Reducing Breast Cancer Risk: Just Do it!

You’d have to be asleep at the wheel to not know it’s Breast Cancer Awareness Month.  I love it – everyone seems to get into the “pinking” of America.  Seeing those brawny NFL players strut their stuff sporting uniforms accented in pink – that must inspire more men to invest in the fight. After all, they have wives, mothers, sisters, aunts, daughters and friends to think about.  (And – men get Breast Cancer too!)

There’s news both good and bad in the raging battle against Breast Cancer.   Let’s talk about the good news first:  Breast Cancer claimed the lives of fewer women in recent years, likely due to increased awareness campaigns.  In 2010, 2.5 million women survived Breast Cancer.   Way to go!

The bad news? Nearly 40,000 women lost their battles with Breast Cancer in 2010.  That’s almost the entire female population of Ahwatukee.  We’ve still got plenty of work to do.   Me – I’ve got on my boxing gloves.  (Or at least, my latex gloves!)

Medical providers and advocates can shout it from the rooftops until we’re “pink” in the face – but prevention starts with each woman making a commitment to prioritizing her own health.  Ladies, I know you put every other person in your life first.  It’s just what we do.  But you can’t take care of anyone else without taking care of you first.  It’s not selfish – it’s self-care.

 

True, there are certain risk factors you can’t control.  Your risk for Breast Cancer increases if you’re a woman, and increases as you age.  Your chances go up if you carry a genetic predisposition, and if you never experienced pregnancy or breastfed an infant.  Still – what are you doing to mitigate these risks, the ones you can control?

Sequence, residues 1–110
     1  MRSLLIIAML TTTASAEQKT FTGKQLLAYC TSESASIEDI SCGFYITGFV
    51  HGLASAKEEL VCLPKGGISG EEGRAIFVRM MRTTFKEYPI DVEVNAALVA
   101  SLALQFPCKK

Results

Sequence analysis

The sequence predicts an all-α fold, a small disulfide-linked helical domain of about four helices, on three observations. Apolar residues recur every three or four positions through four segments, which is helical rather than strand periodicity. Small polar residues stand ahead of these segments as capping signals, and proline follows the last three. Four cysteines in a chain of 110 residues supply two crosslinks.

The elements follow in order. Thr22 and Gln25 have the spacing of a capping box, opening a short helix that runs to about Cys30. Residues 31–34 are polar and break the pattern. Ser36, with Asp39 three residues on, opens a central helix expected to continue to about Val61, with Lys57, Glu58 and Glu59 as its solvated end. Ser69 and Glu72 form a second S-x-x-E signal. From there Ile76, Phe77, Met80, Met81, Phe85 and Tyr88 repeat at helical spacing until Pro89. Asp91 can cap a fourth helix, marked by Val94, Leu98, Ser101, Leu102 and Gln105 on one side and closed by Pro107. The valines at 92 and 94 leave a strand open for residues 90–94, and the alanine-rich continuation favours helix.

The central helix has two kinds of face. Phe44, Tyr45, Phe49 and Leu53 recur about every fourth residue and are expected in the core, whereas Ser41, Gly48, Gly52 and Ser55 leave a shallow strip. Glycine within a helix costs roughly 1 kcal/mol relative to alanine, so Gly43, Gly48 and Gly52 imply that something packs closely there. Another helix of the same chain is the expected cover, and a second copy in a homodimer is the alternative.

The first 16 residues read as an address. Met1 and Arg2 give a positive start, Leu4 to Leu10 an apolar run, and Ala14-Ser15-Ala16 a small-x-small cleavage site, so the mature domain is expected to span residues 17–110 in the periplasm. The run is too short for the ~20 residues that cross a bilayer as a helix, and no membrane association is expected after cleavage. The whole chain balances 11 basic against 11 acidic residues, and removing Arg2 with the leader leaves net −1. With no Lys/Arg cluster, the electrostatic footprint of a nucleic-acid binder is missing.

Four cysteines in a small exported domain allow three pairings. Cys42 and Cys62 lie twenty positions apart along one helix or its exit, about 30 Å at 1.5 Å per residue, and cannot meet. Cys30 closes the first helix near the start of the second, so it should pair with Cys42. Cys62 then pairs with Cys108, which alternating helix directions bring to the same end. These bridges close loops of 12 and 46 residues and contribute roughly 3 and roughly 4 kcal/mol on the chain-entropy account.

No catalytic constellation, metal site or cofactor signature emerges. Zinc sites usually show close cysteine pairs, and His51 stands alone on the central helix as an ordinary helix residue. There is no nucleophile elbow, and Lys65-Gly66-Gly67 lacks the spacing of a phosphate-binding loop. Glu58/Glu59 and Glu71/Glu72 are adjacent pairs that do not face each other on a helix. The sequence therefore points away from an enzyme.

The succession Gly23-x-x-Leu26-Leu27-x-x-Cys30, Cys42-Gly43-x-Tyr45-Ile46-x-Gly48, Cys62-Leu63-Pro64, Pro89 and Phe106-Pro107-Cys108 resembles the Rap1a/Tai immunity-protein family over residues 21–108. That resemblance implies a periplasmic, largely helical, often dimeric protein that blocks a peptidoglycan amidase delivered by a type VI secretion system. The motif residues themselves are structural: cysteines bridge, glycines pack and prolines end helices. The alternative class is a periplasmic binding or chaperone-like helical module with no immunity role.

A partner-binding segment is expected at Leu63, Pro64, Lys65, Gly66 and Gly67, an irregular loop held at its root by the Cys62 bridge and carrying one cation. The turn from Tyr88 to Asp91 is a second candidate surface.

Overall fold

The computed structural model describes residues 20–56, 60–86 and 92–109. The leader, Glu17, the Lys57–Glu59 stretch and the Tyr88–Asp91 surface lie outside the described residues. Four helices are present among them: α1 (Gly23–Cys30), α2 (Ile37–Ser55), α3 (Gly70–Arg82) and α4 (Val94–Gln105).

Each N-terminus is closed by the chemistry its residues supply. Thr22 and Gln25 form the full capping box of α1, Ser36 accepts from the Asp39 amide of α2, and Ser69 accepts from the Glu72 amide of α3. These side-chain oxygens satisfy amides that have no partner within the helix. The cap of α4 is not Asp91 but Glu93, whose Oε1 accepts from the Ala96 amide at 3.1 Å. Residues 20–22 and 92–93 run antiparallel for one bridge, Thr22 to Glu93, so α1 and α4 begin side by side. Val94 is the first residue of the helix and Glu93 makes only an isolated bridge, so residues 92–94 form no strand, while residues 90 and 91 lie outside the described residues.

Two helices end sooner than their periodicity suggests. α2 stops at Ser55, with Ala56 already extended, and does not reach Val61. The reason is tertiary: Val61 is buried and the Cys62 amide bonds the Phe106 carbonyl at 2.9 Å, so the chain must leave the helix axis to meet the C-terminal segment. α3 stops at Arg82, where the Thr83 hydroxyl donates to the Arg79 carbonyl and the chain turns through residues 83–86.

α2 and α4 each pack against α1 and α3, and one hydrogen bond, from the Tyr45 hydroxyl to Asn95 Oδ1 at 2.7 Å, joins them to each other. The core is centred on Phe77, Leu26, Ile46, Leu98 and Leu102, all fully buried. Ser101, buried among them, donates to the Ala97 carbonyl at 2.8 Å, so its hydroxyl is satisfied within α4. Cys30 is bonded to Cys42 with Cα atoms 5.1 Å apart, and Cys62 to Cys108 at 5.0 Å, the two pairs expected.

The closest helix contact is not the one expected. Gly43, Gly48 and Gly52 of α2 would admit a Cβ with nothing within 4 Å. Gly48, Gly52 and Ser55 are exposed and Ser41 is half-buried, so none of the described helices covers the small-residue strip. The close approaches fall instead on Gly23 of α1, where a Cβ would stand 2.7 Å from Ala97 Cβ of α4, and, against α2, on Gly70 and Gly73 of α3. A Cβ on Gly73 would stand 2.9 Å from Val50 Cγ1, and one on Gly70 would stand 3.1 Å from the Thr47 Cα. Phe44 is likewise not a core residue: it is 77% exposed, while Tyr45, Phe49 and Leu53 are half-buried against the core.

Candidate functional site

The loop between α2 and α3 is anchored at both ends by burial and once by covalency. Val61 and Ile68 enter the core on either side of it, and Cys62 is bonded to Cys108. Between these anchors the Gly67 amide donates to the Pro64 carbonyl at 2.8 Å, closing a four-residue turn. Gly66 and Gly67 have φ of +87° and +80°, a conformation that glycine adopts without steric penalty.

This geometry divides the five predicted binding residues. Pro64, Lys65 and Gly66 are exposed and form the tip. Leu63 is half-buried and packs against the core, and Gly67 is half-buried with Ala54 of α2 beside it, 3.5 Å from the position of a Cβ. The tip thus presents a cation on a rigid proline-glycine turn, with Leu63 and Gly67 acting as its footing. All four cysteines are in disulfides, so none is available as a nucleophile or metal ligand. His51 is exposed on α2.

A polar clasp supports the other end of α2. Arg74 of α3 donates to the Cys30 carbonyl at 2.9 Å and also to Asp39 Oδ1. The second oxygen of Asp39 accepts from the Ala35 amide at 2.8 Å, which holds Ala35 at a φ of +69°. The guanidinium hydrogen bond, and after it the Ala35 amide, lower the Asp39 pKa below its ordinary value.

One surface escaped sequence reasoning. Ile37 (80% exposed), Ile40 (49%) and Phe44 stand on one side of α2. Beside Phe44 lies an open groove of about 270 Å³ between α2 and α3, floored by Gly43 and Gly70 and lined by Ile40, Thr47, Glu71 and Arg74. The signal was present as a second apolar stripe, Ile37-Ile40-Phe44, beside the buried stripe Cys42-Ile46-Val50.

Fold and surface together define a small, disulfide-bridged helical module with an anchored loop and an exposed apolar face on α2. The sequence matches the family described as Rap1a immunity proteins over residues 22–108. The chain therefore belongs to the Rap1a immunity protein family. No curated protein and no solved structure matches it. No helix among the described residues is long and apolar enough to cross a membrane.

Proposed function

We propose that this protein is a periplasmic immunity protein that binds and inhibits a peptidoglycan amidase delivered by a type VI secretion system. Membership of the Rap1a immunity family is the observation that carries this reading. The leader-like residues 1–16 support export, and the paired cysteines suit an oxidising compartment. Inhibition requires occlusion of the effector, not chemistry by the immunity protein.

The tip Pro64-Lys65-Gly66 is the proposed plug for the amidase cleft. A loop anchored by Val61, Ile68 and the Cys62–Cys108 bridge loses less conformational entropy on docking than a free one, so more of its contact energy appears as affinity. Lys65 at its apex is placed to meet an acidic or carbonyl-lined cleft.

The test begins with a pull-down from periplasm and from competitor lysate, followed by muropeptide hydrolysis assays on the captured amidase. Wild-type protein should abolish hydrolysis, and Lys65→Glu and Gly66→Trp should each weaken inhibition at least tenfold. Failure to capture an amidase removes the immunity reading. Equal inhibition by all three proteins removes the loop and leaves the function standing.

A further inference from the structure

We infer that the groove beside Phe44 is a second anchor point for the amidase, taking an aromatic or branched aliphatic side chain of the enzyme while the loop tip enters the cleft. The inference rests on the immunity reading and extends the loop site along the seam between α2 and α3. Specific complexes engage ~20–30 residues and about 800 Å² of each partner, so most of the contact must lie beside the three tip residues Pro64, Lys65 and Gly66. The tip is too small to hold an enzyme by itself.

You’re making a good move right now.  Don’t stop reading just yet; check out the risk factors:

Inadequate Nutrition:

Are you eating enough fruits and vegetables?  (And, have you read about the effects of consuming too many animal source proteins?  These may contain hormones, pesticides and other carcinogenic by-products.)  Take time to examine your diet; make certain you’re getting all the nutrients you need to ward off Cancer.

Excess Weight:

Has your doctor advised you to shed some pounds?  Maintaining a healthy weight reduces risk for many hazardous health issues, including cancer.

Lack of Exercise:

The benefits of vigorous, consistent exercise have been statistically linked to reducing Breast Cancer risk.  Plus, you enjoy the benefits of increased energy, mindfulness, and libido.

Smoking:

 

Smoking tobacco – well, there’s just nothing good about it.  Smoking increases your risk for more health hazards than I can count.  Consider stopping; or get help.

 

Exposure to Estrogen:

Estrogen is the hormone that produces female sex characteristics.  The longer a woman is exposed to them, the higher her risk of Breast Cancer.  Post-menopausal women (who cease producing Estrogen) who take Hormone Replacement Therapy (HRT/HT) suffer increased risk of Cancer by increasing the breast tissue’s exposure to Estrogen.   Talk to your Nurse Practitioner or medical professional, and consider reducing your dosages or choosing an alternative to relieving your symptoms.

Since every woman must be her own health care advocate, I encourage you to stay abreast (pun intended!) of the latest news regarding prevention, detection and treatment of breast cancer.  And pay it forward.  Donate money toward research; participate in a breast cancer walk or run; volunteer to raise awareness.  Ask your best friend if she’s given herself a breast exam lately.  Check out the following websites for help.

 

http://www.breastcancer.org/

 

http://www.cancer.gov/cancertopics/types/breast

 

http://www.cancer.org/index

 

Cheers to your breast health ever!

 

Agnes, APRN